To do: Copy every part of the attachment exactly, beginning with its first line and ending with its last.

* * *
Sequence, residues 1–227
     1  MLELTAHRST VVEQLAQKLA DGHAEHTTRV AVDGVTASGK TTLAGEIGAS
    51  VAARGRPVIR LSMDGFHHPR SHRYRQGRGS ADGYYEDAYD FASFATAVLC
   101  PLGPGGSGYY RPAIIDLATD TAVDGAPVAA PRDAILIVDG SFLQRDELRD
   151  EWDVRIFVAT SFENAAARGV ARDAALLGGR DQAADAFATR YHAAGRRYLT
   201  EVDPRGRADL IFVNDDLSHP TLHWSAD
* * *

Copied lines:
Sequence, residues 1–227
     1  MLELTAHRST VVEQLAQKLA DGHAEHTTRV AVDGVTASGK TTLAGEIGAS
    51  VAARGRPVIR LSMDGFHHPR SHRYRQGRGS ADGYYEDAYD FASFATAVLC
   101  PLGPGGSGYY RPAIIDLATD TAVDGAPVAA PRDAILIVDG SFLQRDELRD
   151  EWDVRIFVAT SFENAAARGV ARDAALLGGR DQAADAFATR YHAAGRRYLT
   201  EVDPRGRADL IFVNDDLSHP TLHWSAD